The system was reportedly intended to be used as an experiment / case study and then successfully raised the average ticket price. It is now, again according to the BBC, being “copied in other theaters around Spain.” (I repeat out of incredulity, not mistrust: Europa Press covered the debut in April.) This is the creepiest thing I’ve ever seen in a comedy club, and let me be clear, comedy clubs aren’t pretty places.
This story is only marginally related to Spain, as it was the Spanish who introduced horses to the Americas, but we liked it and hope you will, too.
Text and photos by Jeannie Applegate for the Green Valley News–A rescue group south of Green Valley, Arizona is helping save some special Mustangs, and could be preserving history as well. In July, seven mares and their seven foals arrived at Equine Voices Rescue & Sanctuary. The horses, known as Monero Mustangs, are part of a herd of about 130 that recently lost their protected rangeland home in New Mexico and were in danger of going to slaughter. The Monero Mustangs are direct descendents of America’s most historic mustangs, including Spanish horses, Indian ponies and early cavalry mounts that once roamed the American West in great numbers.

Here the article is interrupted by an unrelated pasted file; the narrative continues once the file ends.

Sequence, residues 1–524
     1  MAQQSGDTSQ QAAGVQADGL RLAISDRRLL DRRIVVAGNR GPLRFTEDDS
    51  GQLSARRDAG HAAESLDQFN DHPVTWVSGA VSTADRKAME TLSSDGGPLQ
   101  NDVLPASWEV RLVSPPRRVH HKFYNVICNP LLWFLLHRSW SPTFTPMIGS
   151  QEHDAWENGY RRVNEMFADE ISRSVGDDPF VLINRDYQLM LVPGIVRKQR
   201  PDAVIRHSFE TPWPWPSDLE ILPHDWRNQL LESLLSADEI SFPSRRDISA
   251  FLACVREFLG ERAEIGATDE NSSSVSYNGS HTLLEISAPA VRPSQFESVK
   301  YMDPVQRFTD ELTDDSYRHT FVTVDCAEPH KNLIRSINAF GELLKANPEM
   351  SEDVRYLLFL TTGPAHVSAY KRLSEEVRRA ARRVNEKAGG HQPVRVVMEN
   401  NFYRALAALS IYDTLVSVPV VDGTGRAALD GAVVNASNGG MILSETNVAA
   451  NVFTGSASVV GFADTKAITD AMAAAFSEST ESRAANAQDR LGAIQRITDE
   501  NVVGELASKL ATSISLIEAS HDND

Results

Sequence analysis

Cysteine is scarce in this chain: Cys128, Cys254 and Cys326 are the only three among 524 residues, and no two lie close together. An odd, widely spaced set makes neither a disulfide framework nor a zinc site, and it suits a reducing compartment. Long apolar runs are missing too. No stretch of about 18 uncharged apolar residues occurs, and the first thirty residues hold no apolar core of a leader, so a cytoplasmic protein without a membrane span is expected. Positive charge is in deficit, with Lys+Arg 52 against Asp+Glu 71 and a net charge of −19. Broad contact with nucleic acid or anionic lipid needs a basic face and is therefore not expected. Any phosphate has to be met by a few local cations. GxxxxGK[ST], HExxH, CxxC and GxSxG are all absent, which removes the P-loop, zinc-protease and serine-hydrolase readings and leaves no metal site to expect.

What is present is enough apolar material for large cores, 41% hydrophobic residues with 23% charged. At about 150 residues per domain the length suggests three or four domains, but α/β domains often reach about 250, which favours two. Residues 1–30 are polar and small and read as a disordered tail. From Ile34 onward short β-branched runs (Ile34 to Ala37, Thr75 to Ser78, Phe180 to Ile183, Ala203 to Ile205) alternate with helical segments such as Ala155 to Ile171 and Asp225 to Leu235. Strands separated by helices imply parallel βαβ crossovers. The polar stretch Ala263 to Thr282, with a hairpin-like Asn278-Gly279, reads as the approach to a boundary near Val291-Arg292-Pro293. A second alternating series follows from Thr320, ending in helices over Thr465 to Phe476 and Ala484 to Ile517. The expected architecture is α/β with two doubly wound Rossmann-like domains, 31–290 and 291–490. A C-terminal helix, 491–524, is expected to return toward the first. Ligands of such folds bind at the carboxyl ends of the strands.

Team members climb over one another to add further layers to their tower during the 25th edition of the Contest Castells, which is held every two years.
The Guardian.com–The tradition of building human towers, or castells, dates back to the 18th century and takes place at festivals in Catalonia, where teams – ‘colles’ – compete to build the tallest and most complex towers.
A castell is considered successful when it is loaded and unloaded without falling apart. The highest castell on record was a 10 floor structure with three people in each floor.
The landscape of northern Spain’s Turon Valley is littered with abandoned mines. As the industry which once sustained them dwindles, locals are concerned about what will become of their culture and way of life.
Natalio Cosoy writes for BBC.com–Felipe Buron cuts a lone figure as he walks the worn woodland paths that wind past the old pits. “You need to realise that coal mining goes back many generations,” the former miner says. “The rivers were black… the sky was black with coal powder. That was life. We didn’t know anything else.”
Coal dust no longer blackens the Turon countryside – and what was once a way of life is now a rapidly receding memory.